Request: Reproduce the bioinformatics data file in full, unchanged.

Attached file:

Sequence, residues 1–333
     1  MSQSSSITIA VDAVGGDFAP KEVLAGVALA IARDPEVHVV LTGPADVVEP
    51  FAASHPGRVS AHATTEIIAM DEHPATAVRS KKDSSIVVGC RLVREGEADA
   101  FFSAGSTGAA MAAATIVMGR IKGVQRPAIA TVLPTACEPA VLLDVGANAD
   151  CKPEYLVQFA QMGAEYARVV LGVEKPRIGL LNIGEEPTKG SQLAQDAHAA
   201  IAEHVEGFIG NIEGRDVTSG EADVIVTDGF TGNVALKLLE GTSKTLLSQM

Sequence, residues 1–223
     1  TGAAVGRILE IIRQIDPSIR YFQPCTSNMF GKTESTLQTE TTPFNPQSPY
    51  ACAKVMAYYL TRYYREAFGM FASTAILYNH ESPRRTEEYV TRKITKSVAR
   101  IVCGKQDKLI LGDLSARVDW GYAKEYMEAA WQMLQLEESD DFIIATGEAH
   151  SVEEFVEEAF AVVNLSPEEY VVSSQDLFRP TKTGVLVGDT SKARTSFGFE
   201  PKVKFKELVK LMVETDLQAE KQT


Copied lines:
Sequence, residues 1–333
     1  MSQSSSITIA VDAVGGDFAP KEVLAGVALA IARDPEVHVV LTGPADVVEP
    51  FAASHPGRVS AHATTEIIAM DEHPATAVRS KKDSSIVVGC RLVREGEADA
   101  FFSAGSTGAA MAAATIVMGR IKGVQRPAIA TVLPTACEPA VLLDVGANAD
   151  CKPEYLVQFA QMGAEYARVV LGVEKPRIGL LNIGEEPTKG SQLAQDAHAA
   201  IAEHVEGFIG NIEGRDVTSG EADVIVTDGF TGNVALKLLE GTSKTLLSQM

Sequence, residues 1–223
     1  TGAAVGRILE IIRQIDPSIR YFQPCTSNMF GKTESTLQTE TTPFNPQSPY
    51  ACAKVMAYYL TRYYREAFGM FASTAILYNH ESPRRTEEYV TRKITKSVAR
   101  IVCGKQDKLI LGDLSARVDW GYAKEYMEAA WQMLQLEESD DFIIATGEAH
   151  SVEEFVEEAF AVVNLSPEEY VVSSQDLFRP TKTGVLVGDT SKARTSFGFE
   201  PKVKFKELVK LMVETDLQAE KQT